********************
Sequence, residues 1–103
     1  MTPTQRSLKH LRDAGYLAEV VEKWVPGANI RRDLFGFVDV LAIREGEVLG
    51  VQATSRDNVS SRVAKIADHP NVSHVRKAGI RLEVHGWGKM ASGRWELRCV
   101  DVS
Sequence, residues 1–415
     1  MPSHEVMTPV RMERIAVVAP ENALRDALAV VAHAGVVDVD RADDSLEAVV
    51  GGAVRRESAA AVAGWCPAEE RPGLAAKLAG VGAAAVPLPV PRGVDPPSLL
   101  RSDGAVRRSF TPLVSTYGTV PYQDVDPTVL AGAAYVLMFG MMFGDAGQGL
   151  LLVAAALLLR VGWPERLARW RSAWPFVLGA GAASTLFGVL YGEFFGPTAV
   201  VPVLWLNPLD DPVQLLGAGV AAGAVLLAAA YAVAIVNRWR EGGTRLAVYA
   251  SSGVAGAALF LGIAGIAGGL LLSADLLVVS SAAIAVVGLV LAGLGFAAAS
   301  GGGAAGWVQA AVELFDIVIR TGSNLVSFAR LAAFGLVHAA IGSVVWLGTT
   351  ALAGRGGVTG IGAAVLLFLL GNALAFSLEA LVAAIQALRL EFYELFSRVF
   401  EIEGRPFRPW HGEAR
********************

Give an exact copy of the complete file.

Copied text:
Sequence, residues 1–103
     1  MTPTQRSLKH LRDAGYLAEV VEKWVPGANI RRDLFGFVDV LAIREGEVLG
    51  VQATSRDNVS SRVAKIADHP NVSHVRKAGI RLEVHGWGKM ASGRWELRCV
   101  DVS
Sequence, residues 1–415
     1  MPSHEVMTPV RMERIAVVAP ENALRDALAV VAHAGVVDVD RADDSLEAVV
    51  GGAVRRESAA AVAGWCPAEE RPGLAAKLAG VGAAAVPLPV PRGVDPPSLL
   101  RSDGAVRRSF TPLVSTYGTV PYQDVDPTVL AGAAYVLMFG MMFGDAGQGL
   151  LLVAAALLLR VGWPERLARW RSAWPFVLGA GAASTLFGVL YGEFFGPTAV
   201  VPVLWLNPLD DPVQLLGAGV AAGAVLLAAA YAVAIVNRWR EGGTRLAVYA
   251  SSGVAGAALF LGIAGIAGGL LLSADLLVVS SAAIAVVGLV LAGLGFAAAS
   301  GGGAAGWVQA AVELFDIVIR TGSNLVSFAR LAAFGLVHAA IGSVVWLGTT
   351  ALAGRGGVTG IGAAVLLFLL GNALAFSLEA LVAAIQALRL EFYELFSRVF
   401  EIEGRPFRPW HGEAR